The best time to visit Kenya is during the dry season from June to October when temperatures are comfortable and game concentrations are at their highest. The bush is at its most sparse and waterholes draw wildlife to camera-happy spots.
Kenya’s seasons are predominantly ruled by the ITCZ (Intertropical Convergence Zone), where the northeast and southeast trade winds meet. The resulting effect of this meteorological zone is a pattern of rainy and dry seasons, rather than summer and winter. Traditionally this has brought rains to most of Kenya twice a year the long rains in late March to late May, and shorter rains in October and November.
These two rainy seasons you’ll probably want to avoid for your Kenya safari (unless you can convince your kids that birding is really fun). You’re unlikely to spot a great deal of game because the bush is thick and wildlife is camouflaged and rain isn’t particularly pleasant for you or your surprise bush breakfasts and sundowners.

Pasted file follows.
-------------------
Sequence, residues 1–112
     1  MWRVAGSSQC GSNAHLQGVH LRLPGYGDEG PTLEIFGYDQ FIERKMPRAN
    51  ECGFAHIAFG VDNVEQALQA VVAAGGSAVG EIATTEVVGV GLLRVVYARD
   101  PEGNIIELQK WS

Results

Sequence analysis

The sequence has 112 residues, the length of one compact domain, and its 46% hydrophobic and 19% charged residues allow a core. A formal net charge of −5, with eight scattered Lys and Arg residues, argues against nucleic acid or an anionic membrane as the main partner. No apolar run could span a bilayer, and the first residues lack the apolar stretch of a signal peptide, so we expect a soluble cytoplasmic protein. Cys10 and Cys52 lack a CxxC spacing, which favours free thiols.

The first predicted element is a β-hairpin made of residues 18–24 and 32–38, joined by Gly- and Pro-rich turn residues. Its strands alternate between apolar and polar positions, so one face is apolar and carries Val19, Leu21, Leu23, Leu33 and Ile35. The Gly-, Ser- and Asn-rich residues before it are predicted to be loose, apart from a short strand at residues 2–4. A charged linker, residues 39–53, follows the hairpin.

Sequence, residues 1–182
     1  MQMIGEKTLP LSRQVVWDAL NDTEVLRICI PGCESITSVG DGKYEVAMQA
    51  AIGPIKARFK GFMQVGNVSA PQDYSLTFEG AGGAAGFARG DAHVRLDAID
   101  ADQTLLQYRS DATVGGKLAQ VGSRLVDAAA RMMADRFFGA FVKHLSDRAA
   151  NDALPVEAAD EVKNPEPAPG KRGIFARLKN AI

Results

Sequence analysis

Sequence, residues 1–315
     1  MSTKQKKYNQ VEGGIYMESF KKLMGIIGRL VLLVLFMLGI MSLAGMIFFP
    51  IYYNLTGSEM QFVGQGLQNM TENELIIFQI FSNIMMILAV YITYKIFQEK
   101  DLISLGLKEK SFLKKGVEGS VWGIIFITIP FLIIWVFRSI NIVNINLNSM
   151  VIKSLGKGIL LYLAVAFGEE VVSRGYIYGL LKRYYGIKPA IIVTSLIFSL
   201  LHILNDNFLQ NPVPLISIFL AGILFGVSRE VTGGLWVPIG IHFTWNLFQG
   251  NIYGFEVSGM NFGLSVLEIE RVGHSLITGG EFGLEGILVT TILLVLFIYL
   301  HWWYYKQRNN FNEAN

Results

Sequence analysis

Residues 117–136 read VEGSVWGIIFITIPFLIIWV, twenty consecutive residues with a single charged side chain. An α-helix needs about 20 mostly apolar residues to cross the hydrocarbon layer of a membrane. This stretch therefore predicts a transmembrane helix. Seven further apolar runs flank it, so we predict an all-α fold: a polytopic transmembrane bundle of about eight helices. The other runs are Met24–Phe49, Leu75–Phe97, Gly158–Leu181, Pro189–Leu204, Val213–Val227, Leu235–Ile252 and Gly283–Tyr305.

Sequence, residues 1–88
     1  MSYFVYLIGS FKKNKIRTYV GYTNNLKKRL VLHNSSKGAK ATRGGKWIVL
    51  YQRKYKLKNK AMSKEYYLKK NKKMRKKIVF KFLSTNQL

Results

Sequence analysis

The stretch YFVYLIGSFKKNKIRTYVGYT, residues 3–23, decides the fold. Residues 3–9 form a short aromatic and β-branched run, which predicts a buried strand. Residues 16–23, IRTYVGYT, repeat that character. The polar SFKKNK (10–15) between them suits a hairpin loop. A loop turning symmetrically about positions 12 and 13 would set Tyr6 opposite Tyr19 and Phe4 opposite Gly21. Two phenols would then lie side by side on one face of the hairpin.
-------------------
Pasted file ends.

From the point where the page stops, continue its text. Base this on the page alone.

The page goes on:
Having said this, it doesn’t tend to rain all day, and prices along with tourist numbers drop significantly. April and May are the wettest months and not traditionally the best time to take a Kenya safari vacation. On the other hand accommodation rates are at their lowest and the air is incredibly clear which pleases serious photographers. However, be prepared for some tented safari camp enclosures.
The Great Migration moves into the Kenya Mara around July/August usually, staying in Kenya for around 2-3 months until it heads south of the border around October/November. Predicting what is likely to be happening in Kenya on any given month is no exact science, so you do need to be flexible in travel plans and mind and you do need to prep your kids so that sometimes you won’t see a thing on a game drive.
The weather has become increasingly erratic in Africa, having been stable for many generations. Kenya reliably experienced drought every 10 years (late and sporadic rains), and we could predict this and the localized effects this would have. Over the last 40 years, there has been less of a pattern as the frequency of drought years has escalated.